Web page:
6 best websites for tracing medical history

By Guest, 5 April 2018 - 2:44pm

As the NHS celebrates its 70th birthday, Jonathan Scott picks the top sites for researching health professionals 

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An operation in a lecture theatre at University College Hospital Medical School, London, 1898

The National Health Service was founded in 1948, and the milestone anniversary is being celebrated in a variety of ways, including new social history projects. Before the NHS healthcare was fragmentary, provided through private treatment, charitable hospitals and dispensaries, and local Poor Law authorities.  

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Many family historians will be more interested in these pre-NHS sources, and there’s an excellent overview of the types of records that may survive for nurses, doctors and surgeons at GenGuide. The web page also lists some resources relating to the training and education of medical professionals.

Hospital staff records will in general be housed either at the local county record office (for example the London Metropolitan Archives boasts records from more than 80 hospitals), or at the hospital itself. And remember that many larger hospitals formed their own nursing schools.

1. Ancestry 


Ancestry leads the pack when it comes to commercially available medical material, through its partnerships with the Wellcome Library, the Royal College of Nursing and the General Medical Council.

Collections include UK Medical Registers,1859–1959; UK and Ireland Medical Directories, 1845–1942; UK and Ireland Nursing Registers, 1898–1968; Queen’s Nursing Institute Rolls of Nurses, 1891–1931; Scotland Nursing Applications, 1921–1945; UK Midwives Rolls, 1904–1959; UK Dentist Registers, 1879–1942; GMC student registers, 1882–1937; and even Physiotherapy Registers, 1895–1980.

2. The Retreat Archive

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The Retreat, a psychiatric hospital that was founded in York by the Society of Friends and opened in 1796, pioneered a more humane treatment of mental health. Its unusually complete archives are held by the Borthwick Institute for Archives at the University of York, and a project to digitise the hospital’s records has just come to an end.

The results are more than 650,000 digital images freely available via the Borthwick catalogue. Other collections at the institute include the York NHS archive, OS maps of hospitals and hospital estates in the area (1909–1983), and the records of many older hospitals that were taken over by the NHS in 1948.

3. The British Medical Journal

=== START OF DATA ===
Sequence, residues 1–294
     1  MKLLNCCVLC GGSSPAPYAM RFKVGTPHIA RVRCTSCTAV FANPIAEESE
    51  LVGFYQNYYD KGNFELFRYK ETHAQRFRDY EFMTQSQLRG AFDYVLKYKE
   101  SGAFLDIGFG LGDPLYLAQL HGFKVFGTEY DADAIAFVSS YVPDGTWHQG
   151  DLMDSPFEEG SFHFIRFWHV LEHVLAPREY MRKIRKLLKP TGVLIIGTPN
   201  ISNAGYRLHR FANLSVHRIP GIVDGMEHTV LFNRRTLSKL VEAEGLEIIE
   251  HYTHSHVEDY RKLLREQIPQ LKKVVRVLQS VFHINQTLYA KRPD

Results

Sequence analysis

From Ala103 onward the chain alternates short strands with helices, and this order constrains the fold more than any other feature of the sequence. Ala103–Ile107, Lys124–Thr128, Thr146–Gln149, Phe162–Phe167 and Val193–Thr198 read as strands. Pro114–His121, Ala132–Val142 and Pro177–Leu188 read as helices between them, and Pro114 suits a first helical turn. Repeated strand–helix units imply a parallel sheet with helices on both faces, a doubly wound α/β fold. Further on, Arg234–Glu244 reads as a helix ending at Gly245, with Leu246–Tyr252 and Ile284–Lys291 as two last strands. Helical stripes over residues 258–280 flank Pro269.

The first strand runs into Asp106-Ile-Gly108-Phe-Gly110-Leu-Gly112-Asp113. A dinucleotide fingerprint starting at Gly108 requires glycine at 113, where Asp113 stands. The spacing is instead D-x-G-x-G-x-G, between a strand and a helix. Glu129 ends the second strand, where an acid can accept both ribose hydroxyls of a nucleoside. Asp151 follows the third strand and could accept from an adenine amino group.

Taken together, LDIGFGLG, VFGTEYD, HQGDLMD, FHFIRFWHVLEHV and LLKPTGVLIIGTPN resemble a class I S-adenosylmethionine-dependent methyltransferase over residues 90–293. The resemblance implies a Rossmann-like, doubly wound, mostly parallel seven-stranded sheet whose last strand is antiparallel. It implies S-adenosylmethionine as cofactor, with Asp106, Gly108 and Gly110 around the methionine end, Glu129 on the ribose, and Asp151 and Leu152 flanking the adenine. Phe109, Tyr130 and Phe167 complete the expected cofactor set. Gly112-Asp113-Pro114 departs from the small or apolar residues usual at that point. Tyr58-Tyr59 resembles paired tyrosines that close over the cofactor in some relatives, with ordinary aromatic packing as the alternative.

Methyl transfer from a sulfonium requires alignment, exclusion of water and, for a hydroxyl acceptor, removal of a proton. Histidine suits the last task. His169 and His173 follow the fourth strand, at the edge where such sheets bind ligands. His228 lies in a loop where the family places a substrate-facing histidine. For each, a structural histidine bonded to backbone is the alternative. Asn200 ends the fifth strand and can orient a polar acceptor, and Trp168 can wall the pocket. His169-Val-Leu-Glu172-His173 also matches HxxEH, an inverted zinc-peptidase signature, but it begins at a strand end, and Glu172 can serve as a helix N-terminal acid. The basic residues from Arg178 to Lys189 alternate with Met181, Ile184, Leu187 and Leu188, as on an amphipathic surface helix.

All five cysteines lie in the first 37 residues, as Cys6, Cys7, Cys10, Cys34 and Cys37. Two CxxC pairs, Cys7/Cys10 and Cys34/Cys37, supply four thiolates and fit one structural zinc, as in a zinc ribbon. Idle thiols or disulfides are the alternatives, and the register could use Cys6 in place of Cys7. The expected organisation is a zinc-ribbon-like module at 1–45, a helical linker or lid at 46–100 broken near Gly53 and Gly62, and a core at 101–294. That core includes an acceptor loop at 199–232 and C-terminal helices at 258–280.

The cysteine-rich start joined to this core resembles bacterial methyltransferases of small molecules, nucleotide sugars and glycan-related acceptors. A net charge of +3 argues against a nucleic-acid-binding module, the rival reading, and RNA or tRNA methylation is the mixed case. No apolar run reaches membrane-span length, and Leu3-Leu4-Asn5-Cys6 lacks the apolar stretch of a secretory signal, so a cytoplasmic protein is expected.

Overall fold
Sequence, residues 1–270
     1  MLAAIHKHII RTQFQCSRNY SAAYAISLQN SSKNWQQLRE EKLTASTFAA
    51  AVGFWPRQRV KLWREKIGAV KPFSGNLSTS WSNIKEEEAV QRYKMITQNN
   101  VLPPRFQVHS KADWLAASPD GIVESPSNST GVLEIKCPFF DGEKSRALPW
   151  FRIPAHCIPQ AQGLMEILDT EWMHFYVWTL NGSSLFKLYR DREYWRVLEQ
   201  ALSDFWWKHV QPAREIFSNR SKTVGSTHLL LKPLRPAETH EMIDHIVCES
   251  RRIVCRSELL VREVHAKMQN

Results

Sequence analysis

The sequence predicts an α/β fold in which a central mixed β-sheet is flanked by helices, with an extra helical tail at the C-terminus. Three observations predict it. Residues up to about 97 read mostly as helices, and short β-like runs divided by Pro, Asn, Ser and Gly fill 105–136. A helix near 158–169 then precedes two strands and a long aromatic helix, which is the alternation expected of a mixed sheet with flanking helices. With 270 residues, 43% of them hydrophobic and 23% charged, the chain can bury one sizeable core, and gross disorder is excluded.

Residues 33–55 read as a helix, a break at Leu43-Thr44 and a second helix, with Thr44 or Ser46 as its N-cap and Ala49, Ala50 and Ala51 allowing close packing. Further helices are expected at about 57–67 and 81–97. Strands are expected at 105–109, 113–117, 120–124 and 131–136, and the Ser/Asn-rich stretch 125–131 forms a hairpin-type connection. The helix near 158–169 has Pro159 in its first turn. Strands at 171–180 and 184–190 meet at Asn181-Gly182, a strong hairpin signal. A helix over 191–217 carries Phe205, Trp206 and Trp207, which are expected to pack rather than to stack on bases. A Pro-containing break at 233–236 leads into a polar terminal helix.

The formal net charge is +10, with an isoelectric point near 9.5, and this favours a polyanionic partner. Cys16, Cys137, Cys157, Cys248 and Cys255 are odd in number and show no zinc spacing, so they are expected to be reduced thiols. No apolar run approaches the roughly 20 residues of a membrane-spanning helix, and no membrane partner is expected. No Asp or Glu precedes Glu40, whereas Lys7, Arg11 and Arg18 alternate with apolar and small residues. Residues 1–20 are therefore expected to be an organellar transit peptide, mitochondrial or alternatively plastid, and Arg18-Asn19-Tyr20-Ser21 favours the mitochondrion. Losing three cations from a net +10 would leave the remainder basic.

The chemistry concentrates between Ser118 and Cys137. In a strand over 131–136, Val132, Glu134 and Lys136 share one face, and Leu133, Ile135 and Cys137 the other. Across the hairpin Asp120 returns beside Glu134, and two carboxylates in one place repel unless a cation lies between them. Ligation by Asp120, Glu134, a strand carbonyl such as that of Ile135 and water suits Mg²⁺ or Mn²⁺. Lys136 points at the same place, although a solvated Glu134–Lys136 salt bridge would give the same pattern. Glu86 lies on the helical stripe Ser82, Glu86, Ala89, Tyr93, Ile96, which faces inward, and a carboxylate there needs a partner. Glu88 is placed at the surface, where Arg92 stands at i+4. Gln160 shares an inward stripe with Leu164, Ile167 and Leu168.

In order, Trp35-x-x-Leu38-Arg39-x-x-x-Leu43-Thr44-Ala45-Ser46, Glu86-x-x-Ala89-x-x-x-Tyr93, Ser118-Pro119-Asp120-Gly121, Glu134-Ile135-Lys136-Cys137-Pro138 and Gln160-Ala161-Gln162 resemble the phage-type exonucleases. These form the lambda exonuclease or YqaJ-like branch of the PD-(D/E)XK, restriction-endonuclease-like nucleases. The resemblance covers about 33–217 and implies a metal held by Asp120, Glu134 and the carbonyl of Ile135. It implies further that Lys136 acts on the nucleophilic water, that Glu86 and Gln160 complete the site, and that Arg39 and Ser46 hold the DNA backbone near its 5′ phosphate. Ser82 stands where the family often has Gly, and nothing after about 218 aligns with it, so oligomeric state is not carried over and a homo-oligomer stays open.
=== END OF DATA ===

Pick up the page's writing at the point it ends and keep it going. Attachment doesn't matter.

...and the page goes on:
The National Archives

The first issue of the British Medical Journal (BMJ) appeared in October 1840, a 16-page publication which went by the original title of the Provincial Medical and Surgical Journal. Today, with the BMJ still going strong, you can explore its archive online. It’s free and a potential gold mine. You may find papers or letters written by your medical ancestors, plus the BMJ carries very useful obituaries.

However, optical character recognition sometimes struggles with the early issues, so make sure you use wildcards and test variant spellings when searching.

4. Wellcome Trust


The Wellcome Trust is the route to a wealth of resources, projects, databases and advice for anyone researching the history of medicine, as well as those hunting for ancestors who were doctors, nurses, midwives, physicians, surgeons, apothecaries or dentists. The parent website leads to the Wellcome Collection – the trust’s museum in London. This is where you’ll also find the Wellcome Library.

However, there is so much material here that it can be confusing. So start with Wellcome Family History, which links to genealogical guides relating to different branches of medicine. 

5. British Army Nurses


The National Archives has created several guides to researching healthcare, hospitals, doctors and nurses, military medics and wartime volunteers.

This page contains more than 15,000 service records of nurses who served during the First World War, including those from the Queen Alexandra’s Imperial Military Nursing Service and the Territorial Force Nursing Service, which you can search and download. These can reveal where a nurse trained, plus references, hospitals, field ambulances or other medical units in which they served, and even their superiors’ opinion of them.

6. Royal College of Nursing


Chosen by Michelle Higgs, author of Tracing Your Medical Ancestors and Life in the Victorian Hospital:

“If you’re researching an ancestor who worked as a nurse, the Royal College of Nursing (RCN) website is well worth checking . You’ll find some extremely useful and detailed guides about tracing various types of nurses at different periods, for example pre-registration before 1922
and during wartime, which can all be downloaded in PDF format.

“Another excellent area of the website is the Special Collections section. Here you can read digitised historical nursing journals, which are rich sources of information about the evolution of the profession. The most valuable sections for family historians might be those that list appointments, retirements, marriages and deaths. You can also find out more about working conditions at the time your ancestor was nursing, issues of the day, and nurses’ pay and pensions.

“The RCN Archives has digitised the whole of the Nursing Record/British Journal of Nursing covering the period 1888–1956 (Nursing Record was first published in 1888, becoming the British Journal of Nursing from 1902). Family historians can search the database by name or by keyword, and each issue can also be browsed page by page.” 

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